You mentioned white peaches, Indian Free is a white peach with high sugar, but also with high acid. It holds up to any of the yellows in flavor. It also is late bloomer. I had full crop dispite the late April freeze.
I’m glad you mentioned that. I grew Gold Dust for a few years and it wasn’t very productive. One day in a mood of disillusionment and frustration, I cut it down. Since then I’ve wondered if I should have given it more time.
Please let me know if yours ever starts to kick in and really produce.
Also you like big peaches, and GD is definitely not that- maybe the reason it tastes so good is because so many leaves serve so few small peaches. Wouldn’t be the first time I observed that in a variety.
Over here GD produces fair crops, I definitely thin but not as much as other varieties. Also very good peach here but does not size up well like Alan says, probably cause its pretty early, first week of june here in California. It also can cling to pit a bit. DWN states not an early bloomer which helps you guys a little.
Every other early I listed has bigger fruit than GD except Sugar May, which is extremely early. Earlys do tend to cling. Can’t remember for sure, but I think Glengo is free. Olpea likely knows, he has more experience with it than I do. I’ve only fully fruited it the season before last and was mostly frozen out last year.
Yes, I just realized both my earlier peaches are larger than GD. But I do think its a winner here anyways, very good flavor about the size of a tennis ball. Probably not good for market though do to size.
It has such good flavor that birds here favor it over any other early peach I grow. If I let the peaches get fully ripe on the tree they become bird food. High sugar, deep orange flesh. Rich like a late.
I’d probably describe it as semi-free. I’ve just harvested it two years, but that’s more or less how it’s been for me. Some fruits you can twist back and forth to get them apart and some are more clingy.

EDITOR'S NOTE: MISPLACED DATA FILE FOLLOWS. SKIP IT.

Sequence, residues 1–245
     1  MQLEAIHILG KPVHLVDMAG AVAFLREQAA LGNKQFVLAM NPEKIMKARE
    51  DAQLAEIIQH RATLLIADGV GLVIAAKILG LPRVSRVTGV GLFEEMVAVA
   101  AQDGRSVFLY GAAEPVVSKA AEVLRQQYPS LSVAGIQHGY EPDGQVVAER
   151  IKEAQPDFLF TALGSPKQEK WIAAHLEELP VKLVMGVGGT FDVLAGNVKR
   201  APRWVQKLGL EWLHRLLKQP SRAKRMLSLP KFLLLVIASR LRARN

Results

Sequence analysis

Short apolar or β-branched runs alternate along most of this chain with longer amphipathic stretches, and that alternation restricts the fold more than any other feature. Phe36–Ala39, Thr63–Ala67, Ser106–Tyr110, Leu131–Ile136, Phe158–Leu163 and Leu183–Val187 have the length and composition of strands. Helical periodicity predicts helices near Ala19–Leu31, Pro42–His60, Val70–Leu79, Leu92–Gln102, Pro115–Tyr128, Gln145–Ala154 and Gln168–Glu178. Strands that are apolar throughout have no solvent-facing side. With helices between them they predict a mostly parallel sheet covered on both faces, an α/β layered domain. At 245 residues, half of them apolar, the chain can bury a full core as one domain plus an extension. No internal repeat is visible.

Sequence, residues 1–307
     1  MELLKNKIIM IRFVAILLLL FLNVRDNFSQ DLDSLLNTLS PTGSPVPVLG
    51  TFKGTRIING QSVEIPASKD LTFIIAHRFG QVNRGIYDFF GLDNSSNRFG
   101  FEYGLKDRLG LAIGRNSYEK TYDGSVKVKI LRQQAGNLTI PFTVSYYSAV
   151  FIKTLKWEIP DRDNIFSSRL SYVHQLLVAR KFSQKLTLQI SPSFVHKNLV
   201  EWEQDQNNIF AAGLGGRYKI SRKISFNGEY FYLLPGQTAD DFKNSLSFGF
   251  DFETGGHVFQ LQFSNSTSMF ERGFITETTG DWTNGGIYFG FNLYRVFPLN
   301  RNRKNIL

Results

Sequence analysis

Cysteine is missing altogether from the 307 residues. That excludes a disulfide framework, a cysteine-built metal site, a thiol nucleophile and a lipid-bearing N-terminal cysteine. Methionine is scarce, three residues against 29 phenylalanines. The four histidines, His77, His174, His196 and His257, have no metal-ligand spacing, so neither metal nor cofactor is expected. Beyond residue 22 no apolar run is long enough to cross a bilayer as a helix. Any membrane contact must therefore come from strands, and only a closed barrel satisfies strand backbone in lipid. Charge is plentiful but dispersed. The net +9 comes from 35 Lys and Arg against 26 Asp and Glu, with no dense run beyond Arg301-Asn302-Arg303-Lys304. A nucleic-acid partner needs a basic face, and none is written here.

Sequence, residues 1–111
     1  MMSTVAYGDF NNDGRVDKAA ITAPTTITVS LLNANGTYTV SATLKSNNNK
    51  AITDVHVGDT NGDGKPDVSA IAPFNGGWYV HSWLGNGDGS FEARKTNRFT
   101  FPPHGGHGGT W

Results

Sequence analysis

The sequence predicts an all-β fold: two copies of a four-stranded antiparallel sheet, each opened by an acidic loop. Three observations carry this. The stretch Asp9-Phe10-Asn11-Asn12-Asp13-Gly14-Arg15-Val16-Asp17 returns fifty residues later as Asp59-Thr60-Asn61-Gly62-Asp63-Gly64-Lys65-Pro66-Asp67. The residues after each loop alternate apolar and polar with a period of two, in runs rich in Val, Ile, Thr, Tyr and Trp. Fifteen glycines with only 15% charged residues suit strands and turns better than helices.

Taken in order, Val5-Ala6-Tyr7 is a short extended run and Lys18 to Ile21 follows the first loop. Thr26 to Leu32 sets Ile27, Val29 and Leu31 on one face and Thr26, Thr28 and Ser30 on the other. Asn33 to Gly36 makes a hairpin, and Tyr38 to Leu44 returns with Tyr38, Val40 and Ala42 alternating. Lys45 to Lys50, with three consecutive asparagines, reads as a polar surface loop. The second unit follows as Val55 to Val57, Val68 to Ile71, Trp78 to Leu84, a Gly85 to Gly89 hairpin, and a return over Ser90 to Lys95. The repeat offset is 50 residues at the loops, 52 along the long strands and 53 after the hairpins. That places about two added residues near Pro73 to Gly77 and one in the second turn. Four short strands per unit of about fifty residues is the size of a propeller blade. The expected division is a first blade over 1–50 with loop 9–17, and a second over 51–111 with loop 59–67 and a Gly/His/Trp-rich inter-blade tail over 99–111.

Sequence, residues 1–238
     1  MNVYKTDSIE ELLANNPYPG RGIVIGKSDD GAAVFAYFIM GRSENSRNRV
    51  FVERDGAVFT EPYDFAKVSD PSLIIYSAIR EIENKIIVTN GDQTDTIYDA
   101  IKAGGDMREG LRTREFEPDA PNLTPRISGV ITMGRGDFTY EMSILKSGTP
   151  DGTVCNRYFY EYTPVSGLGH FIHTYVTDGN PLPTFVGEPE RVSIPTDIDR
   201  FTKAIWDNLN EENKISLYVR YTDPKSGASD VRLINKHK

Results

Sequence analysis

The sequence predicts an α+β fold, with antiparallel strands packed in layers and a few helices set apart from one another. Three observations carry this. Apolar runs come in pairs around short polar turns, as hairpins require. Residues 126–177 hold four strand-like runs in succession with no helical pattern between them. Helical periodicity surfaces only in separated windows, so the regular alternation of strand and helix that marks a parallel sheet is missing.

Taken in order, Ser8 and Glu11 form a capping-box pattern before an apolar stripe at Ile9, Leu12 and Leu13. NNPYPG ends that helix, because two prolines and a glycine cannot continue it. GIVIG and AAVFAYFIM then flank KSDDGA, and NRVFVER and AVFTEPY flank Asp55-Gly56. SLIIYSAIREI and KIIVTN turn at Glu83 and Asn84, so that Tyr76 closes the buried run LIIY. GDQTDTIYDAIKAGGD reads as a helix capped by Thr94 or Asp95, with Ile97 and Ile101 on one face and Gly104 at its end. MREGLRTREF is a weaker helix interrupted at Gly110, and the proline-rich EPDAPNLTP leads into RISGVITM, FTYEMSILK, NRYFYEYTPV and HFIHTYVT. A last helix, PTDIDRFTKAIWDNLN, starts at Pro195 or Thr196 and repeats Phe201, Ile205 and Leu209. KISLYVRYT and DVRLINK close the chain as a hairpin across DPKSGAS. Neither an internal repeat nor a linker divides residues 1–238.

Alan you mentioned Sugar May a couple times. Are you sure you don’t mean Rich May? I grew a couple trees of Sugar May and finally cut them down last fall because the flavor wasn’t very good (and pretty susc. to bac. spot).
What do you think about Carolina Gold? It did fine for me in Z5. It has been in the ground for 2 years now and the tree is full of flower buds.
I’ve grown it for quite some time and like it. Good flavor. Beautiful yellow flesh when cut open (no red in the flesh). Last summer I had one customer specifically request Carolina Gold. She asked for them all summer and they finally came ripe and she was happy. I ordered a couple more of these trees through Vaughn for this spring.
One downside I’ve seen is that sometimes it’s not been the most productive peach. This is a variety that is best to thin late after the fruitlets have solidly set. It doesn’t take much thinning.
Thanks for the infos. Have you try to grow the Valley Sweet peach from DWN. I am looking forward to Harvest this tree for the time in the mid season.